from Ready Nutrition:
Most people seem to welcome the holiday season, even though it can be a hectic and expensive time of year. We love reacquainting ourselves with family and friends, getting cozy with our loved ones, and enjoying some well deserved time off from our jobs. I feel the same way about this time of year, though I take exception with one particular aspect of the season. As soon as November 1st rolls around I know that I’ve entered the danger zone, and it usually lasts until March. That’s the season that typically gives me at least one cold or flu bug, and I’m sure it’s the same for many of you.
For me, this time of year is also a time for research. Every holiday season I like look for new cold remedies that I wasn’t aware of before, and readjust my strategy for fighting and preventing these nasty bugs. This year I’ve discovered a few different foods that might help you recover faster from these viruses, or stop them from infecting you in the first place.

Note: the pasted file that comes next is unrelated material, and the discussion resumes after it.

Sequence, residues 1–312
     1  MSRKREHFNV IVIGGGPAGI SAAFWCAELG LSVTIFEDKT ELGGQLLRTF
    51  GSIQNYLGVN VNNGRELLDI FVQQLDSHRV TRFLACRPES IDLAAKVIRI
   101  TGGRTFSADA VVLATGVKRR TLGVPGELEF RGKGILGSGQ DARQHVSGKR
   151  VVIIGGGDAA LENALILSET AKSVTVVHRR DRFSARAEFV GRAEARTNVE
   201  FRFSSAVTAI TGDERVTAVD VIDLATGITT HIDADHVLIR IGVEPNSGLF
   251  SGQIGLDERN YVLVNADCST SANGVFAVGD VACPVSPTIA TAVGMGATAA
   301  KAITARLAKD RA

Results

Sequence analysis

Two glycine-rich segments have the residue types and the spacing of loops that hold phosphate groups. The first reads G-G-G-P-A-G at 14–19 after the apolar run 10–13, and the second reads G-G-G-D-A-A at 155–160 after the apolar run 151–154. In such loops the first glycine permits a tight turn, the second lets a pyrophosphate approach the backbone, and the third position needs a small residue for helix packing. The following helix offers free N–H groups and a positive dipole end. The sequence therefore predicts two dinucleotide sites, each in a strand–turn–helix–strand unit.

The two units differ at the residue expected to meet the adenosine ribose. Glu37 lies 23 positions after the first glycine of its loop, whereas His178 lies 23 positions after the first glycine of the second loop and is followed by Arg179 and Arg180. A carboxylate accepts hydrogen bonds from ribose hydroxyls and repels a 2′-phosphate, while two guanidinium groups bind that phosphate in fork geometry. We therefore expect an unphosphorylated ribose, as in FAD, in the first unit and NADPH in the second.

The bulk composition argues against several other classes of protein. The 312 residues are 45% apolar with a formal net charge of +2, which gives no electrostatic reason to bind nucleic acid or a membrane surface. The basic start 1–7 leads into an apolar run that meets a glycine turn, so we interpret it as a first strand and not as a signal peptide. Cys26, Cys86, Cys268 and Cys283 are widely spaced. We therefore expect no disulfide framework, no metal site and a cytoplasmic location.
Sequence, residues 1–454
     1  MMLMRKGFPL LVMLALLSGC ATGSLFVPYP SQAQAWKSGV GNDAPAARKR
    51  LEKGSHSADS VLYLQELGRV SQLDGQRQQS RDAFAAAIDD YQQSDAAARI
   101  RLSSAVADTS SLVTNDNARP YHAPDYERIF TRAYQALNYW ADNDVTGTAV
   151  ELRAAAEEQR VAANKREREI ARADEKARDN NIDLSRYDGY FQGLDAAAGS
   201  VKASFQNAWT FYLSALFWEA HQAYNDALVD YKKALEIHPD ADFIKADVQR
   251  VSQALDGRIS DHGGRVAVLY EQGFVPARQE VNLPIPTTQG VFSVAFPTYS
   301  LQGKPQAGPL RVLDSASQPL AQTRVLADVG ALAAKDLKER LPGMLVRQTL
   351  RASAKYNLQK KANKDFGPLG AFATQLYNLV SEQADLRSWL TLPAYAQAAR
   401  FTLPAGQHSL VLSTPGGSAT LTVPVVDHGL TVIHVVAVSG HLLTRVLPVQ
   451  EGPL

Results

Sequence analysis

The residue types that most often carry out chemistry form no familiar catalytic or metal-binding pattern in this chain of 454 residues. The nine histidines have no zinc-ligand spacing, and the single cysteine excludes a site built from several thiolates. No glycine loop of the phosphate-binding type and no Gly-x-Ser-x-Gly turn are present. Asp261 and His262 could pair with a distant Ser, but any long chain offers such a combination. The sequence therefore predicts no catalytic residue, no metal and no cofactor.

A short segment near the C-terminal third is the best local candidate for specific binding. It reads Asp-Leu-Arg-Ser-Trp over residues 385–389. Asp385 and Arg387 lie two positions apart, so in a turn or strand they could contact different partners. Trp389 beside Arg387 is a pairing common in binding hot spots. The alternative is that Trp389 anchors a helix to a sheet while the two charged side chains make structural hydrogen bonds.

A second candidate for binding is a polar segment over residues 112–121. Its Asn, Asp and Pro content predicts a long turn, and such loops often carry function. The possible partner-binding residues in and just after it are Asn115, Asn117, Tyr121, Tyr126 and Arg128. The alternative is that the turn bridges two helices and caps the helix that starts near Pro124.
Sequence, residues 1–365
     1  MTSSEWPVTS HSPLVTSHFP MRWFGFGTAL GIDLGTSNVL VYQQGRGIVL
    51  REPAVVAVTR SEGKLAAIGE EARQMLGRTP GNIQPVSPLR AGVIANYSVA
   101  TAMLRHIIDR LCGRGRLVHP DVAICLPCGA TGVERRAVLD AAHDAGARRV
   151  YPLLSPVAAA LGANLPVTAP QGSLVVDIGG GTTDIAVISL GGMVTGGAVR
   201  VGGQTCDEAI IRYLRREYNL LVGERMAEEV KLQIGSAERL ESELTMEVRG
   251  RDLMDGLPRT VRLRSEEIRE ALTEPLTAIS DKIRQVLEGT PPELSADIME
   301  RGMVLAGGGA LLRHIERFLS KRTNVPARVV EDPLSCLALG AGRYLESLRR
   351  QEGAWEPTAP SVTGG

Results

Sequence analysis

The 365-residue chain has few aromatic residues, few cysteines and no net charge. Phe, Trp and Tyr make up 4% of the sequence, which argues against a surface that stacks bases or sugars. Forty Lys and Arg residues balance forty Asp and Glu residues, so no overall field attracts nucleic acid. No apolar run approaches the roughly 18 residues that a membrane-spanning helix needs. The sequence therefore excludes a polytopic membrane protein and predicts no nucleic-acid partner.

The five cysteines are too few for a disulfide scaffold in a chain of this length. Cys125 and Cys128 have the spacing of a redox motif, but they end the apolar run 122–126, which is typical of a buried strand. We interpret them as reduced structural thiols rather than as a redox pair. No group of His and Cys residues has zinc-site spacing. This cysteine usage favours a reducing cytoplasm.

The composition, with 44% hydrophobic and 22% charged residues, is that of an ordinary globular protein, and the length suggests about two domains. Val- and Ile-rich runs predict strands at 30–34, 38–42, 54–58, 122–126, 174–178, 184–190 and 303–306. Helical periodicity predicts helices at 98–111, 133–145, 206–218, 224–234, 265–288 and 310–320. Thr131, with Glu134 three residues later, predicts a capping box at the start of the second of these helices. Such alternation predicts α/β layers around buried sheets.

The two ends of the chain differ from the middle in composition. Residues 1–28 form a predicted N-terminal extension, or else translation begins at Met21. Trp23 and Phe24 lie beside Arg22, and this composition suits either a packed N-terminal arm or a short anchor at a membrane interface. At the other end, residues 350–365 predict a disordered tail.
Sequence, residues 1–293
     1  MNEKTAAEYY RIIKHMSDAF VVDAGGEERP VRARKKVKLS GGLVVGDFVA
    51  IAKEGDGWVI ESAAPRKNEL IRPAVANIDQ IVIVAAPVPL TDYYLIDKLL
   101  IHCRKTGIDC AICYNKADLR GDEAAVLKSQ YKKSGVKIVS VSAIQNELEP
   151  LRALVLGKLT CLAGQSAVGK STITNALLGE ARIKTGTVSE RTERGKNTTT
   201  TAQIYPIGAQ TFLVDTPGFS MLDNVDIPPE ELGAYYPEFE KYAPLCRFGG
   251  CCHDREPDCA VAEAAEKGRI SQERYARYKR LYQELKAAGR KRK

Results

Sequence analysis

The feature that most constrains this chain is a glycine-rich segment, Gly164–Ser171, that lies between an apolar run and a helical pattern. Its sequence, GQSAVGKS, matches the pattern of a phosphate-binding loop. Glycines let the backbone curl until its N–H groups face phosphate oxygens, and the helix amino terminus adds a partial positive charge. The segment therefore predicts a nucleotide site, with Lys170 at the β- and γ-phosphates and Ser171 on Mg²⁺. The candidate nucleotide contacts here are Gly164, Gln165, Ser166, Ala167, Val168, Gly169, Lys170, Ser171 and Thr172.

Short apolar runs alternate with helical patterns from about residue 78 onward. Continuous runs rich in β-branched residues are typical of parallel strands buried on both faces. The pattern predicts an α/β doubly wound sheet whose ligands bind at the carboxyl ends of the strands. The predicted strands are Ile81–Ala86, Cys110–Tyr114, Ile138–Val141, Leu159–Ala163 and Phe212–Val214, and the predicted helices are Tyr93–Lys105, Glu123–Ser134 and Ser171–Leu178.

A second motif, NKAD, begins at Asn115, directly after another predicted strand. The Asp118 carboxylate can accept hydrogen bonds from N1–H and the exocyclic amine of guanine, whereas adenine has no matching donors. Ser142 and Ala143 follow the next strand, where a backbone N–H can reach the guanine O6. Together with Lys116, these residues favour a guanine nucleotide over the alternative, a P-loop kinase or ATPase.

These aren’t your typical food remedies however. These are the flu busting foods that most people don’t talk about, or might not even be aware of. If you’ve struggled to fight these bugs in the past (and boy, who hasn’t?) this should give a few new remedies for your fight against the germs. Here a few of the most potent, and underrated cold remedies:
No, I’m not talking about that ridiculous myth that claims onions will absorb bacteria out of the air. If you want to stay healthy, onions are far more useful in your belly than they are on your window sill. They contain quercetin, which is an effective antihistimine, and allicin, which is known to kill a wide variety of viruses and bacteria. And as an added bonus, raw onions will help you break down mucus and open up your nasal passages.
Aside from being a very nutrient dense food that is great for your overall well-being, sweet potatoes are absolutely brimming with vitamin A. While vitamin C gets all the credit for warding off colds and flus, we often forget that vitamin A is a crucial nutrient for maintaining the health of your skin and mucous membranes, both of which are important for keeping viruses from proliferating in your body.
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